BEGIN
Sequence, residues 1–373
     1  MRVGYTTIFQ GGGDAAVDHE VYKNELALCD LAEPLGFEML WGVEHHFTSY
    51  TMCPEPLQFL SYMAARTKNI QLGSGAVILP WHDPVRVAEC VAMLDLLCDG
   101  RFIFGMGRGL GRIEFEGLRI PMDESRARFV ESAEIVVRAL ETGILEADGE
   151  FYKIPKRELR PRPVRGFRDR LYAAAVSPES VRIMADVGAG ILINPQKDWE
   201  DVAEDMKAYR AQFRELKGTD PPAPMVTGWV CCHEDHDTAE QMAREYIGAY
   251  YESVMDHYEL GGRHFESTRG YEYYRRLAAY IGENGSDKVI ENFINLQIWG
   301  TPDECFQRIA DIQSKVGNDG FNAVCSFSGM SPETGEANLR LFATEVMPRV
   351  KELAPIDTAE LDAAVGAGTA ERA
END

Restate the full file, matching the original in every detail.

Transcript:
Sequence, residues 1–373
     1  MRVGYTTIFQ GGGDAAVDHE VYKNELALCD LAEPLGFEML WGVEHHFTSY
    51  TMCPEPLQFL SYMAARTKNI QLGSGAVILP WHDPVRVAEC VAMLDLLCDG
   101  RFIFGMGRGL GRIEFEGLRI PMDESRARFV ESAEIVVRAL ETGILEADGE
   151  FYKIPKRELR PRPVRGFRDR LYAAAVSPES VRIMADVGAG ILINPQKDWE
   201  DVAEDMKAYR AQFRELKGTD PPAPMVTGWV CCHEDHDTAE QMAREYIGAY
   251  YESVMDHYEL GGRHFESTRG YEYYRRLAAY IGENGSDKVI ENFINLQIWG
   301  TPDECFQRIA DIQSKVGNDG FNAVCSFSGM SPETGEANLR LFATEVMPRV
   351  KELAPIDTAE LDAAVGAGTA ERA